Haiku by World Children : Impressions of Wind (かぜのうた)


The Akita International Haiku Network is now organizing Japan – Russia Haiku Contest(日露俳句コンテスト), sponsored by The JAL Foundation(日航財団).

The JAL Foundation has just contributed Haiku By World Children Vol.10 : Impressions of Wind (かぜのうた) for the contest.


Here is a photo of the haiku book.




You can get the haiku book through amazon.co.jp.


Here is Prologue “Sense of Life by Tota Kaneko.

It says in the first paragraph as follows.


When I heard that the 10th edition of Haiku by World Children was being published, it reminded me of one haiku that was in its first edition published about 20 years ago and has somehow stayed in my mind all these years:

It read:


     Hey, bamboo shoots

     They are going to take

     My cast off too!

                   Yohei Hatagami (Translated by Jack Stamm)



生き物感覚 金子兜太(俳人)


           たけのこよぼくもギブスがとれるんだ(畑上 洋平)



Here are some photos of the haiku and pictures by world children. And the other paragraphs of Prologue sometimes appear among them.




The author was a seven-year-old Japanese boy. In this haiku, two scenes blend quite naturally like a duet – bamboo shoots shedding their skin layer by layer and this boy having his plaster cast removed gradually as his recovery progresses. I was impressed by the high caliber of this haiku. To this boy, he and the bamboo shoot must have been one. He must have sensed that they were both living things sharing a common life force.                                                     ( Continued.)


作者は日本人の七歳の男の子。筍(たけのこ)の皮が次々に剥がれて(はがれて)落ちてゆく様子と、少年自身のギブスが、回復にともなってとれてゆく様子が、ごく自然に重なって(重奏感があって)、スケールの大きい俳句だと感銘したのである。少年にとっては、自分も筍も同体だったのだろう。どっちも同じ生き物として感覚していたのだ。                              (続く)



I call such sense the “sense of life”. It can be wrapped up in the broader concept of animism, but I call it the sense of life in reference to the art of expression. This sense comes quite naturally with children, but I was wondering how that is with adults. For starters, I ask Matsuo Basho as he was the man who had established haiku as a form of poetry.                                                                                                  (Continued.)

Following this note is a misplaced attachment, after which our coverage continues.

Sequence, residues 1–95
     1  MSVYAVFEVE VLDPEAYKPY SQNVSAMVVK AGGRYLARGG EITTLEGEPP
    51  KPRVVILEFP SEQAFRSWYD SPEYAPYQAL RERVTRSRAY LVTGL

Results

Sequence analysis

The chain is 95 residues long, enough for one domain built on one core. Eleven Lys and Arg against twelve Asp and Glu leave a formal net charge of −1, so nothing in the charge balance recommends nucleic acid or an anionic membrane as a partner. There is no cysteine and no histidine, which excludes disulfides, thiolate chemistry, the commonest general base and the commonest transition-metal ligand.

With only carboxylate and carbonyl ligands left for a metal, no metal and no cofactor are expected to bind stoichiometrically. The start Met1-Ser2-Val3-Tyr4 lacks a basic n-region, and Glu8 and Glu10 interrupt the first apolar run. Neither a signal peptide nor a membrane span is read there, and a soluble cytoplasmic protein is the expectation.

子どもにとっては極く(ごく)自然なのだが―おとなの場合はどうかと思って、まず松尾芭蕉(まつおばしょう)に問いかけてみた。芭蕉は俳句を詩として確立した人である。 (続く)             



Basho had an answer to my question as, in his later years, he used to say “make haiku as children play” or “let the 3-foot-tall child in you be the poet”. But he himself could not do so. Basho could not allow himself to become a child because he and his haiku became the subject of literary criticism, as exemplified by his works being summarized under the literary concept of “karumi (lightness).” Basho had regretted this until he breathed his last.                                  (Continued.)


芭蕉は承知していた。晩年になって、「俳諧(はいかい)を子どもの遊ぶごとくせよ」 とか、「三尺の童(わらべ)にさせよ」と言ったのである。しかし芭蕉にはできなかった。「かるみ」という文芸概念(ぶんげいがいねん)でくくられているように、文芸論として語られて、芭蕉自身は「子ども」にはなれなかったからである。だから死ぬまで悔しがっていた。                           (続く)



But there were some adults who had been blessed with the sense of life. I see such examples in haiku composed by Hirose Izen, one of Basho’s followers, while he was wandering through various provinces after Basho was gone. For example:


     Japanese plum flowers

     red, red

     red, indeed


     A water bird

     sliding to the other bank

     straight, swift and quiet











Kobayashi Issa, whom I consider Basho’s true successor, made a good number of such haiku including:


    Front teeth loosening

    like poppies unstable

    in the breeze


Issa was seeing something in common between his front teeth starting to come loose and poppy petals swaying in the breeze – a commonality as living beings, a common life force.                                                              (Continued.)





 自分のぐらつきだした前歯と芥子(けし)の花びらも、まったく同じ生きものとして、そのいのちを感覚していたのである。                                                                                                                                                                                                                                             (続く)




I am a firm believer that any adult can possess the sense of life. In my view, such an adult has something in common with an innocent child. My old friend Jack Stamm was such a man. He helped translate haiku composed by contestants from around the world in the series’ early editions and his excellent translations were well-known. I am sure up in the heaven he is pleased at the news of this 10th edition.



Haiku of Hirose Izen and Kobayashi Issa presented above were translated by Akira Nakagiri.  (The End.)


.「生きもの感覚」はおとなにも可能、と確信しているのだが、そうしたおとなは、どこか無邪気で子どもに共通しているところがある。この歳時記のはじめのころ、英訳に協力していたジャック・スタムの名訳は有名だったが、かれは子どものような人だった。十集の発刊を天国で喜んでいることだろう。                                                                                                                                              (終わり)


Lastly, we sincerely hope that you will enjoy Haiku in your own ways or through Haiku contest.


The next posting ‘Haiku by World Children : Impressions of School’ appears on May 26.


― Hidenori Hiruta ( Member of HIA)


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